The behavioural component of emotions: exploring outward emotional reactions in table tennis

Julian Fritsch, Dennis Redlich, A. T. Latinjak, Antonis Hatzigeorgiadis

Publikation: Beitrag in FachzeitschriftZeitschriftenaufsätzeForschungBegutachtung


The emotional reactions of athletes in sports competitions are not only fascinating to the spectators, but also illustrate that emotions are transmitted to the outside world, thus suggesting that they are not just intrapersonal processes. From a metacognitive perspective it is important to understand why these reactions occur and how they affect sports performance. In this study the antecedents and consequences of outward emotional reactions were explored using a naturalistic qualitative video-assisted procedure. Twelve German table tennis players were video-recorded during competitive matches in their regular season. Subsequently, based on the footage, self-confrontational interviews were conducted focusing on the antecedents and consequences of outward emotional reactions. The analysis revealed several factors related to whether or not outward emotional reactions were displayed, ranging from more malleable (e.g., state-like psychological states) to less malleable (e.g., trait-like factors). In addition, the analysis revealed how outward emotional reactions have performance-related effects on one's own mental state (e.g., one's concentration) and on the psychological state of the opponent (e.g., the opponent's confidence). The present findings suggest that it is important to create an awareness of antecedents of outward emotional reactions in athletes in order to improve the use of psychological skills by athletes to control their emotional responses. In addition, the results point to the importance of the behavioural component of emotions in the emotion-performance relationship, as various intra- and interpersonal consequences that interact with the consequences of the purely subjective emotion experience were identified.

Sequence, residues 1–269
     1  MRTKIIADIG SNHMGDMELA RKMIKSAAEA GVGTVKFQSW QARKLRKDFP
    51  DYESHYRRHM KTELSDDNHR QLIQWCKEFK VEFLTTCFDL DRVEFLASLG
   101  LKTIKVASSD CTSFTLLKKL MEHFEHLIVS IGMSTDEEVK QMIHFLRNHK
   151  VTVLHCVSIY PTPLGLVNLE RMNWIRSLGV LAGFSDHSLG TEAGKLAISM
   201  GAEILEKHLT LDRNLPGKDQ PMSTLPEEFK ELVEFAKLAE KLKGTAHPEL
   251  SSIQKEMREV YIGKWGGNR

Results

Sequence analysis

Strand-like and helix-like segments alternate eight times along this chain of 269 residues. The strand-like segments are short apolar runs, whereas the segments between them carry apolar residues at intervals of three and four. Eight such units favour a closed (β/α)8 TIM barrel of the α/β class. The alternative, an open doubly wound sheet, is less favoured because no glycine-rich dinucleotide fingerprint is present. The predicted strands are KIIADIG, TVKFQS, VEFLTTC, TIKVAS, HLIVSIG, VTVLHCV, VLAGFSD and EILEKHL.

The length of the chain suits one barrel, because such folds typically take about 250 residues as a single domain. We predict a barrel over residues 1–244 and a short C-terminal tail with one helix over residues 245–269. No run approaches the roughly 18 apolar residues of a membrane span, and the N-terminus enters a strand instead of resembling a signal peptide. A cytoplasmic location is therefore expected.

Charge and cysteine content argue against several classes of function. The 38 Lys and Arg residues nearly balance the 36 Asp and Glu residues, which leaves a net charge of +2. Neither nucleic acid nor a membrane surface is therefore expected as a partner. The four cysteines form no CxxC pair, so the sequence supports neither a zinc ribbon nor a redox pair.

ZeitschriftInternational Journal of Sport and Exercise Psychology
PublikationsstatusVeröffentlicht - 25.01.2021